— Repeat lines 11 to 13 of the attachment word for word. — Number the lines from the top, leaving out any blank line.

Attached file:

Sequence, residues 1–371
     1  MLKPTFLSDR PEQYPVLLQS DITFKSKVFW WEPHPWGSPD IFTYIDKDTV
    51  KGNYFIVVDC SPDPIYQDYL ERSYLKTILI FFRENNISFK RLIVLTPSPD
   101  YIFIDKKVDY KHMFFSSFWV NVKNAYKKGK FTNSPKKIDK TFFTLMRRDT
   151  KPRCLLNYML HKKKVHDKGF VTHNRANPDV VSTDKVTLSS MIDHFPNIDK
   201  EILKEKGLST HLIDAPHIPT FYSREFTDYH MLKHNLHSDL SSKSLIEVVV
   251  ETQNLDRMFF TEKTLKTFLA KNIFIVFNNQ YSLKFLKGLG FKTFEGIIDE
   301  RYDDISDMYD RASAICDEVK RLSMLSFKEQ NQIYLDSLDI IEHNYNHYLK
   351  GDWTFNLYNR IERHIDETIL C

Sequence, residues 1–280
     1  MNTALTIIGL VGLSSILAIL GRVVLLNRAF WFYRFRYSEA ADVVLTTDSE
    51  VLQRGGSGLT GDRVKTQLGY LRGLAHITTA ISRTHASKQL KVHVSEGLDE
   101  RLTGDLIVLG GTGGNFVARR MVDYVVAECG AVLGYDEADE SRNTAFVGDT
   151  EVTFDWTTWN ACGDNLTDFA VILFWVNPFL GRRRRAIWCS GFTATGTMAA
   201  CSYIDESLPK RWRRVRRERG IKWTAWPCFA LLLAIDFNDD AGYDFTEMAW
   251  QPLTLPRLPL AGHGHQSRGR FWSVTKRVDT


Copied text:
     1  MNTALTIIGL VGLSSILAIL GRVVLLNRAF WFYRFRYSEA ADVVLTTDSE
    51  VLQRGGSGLT GDRVKTQLGY LRGLAHITTA ISRTHASKQL KVHVSEGLDE
   101  RLTGDLIVLG GTGGNFVARR MVDYVVAECG AVLGYDEADE SRNTAFVGDT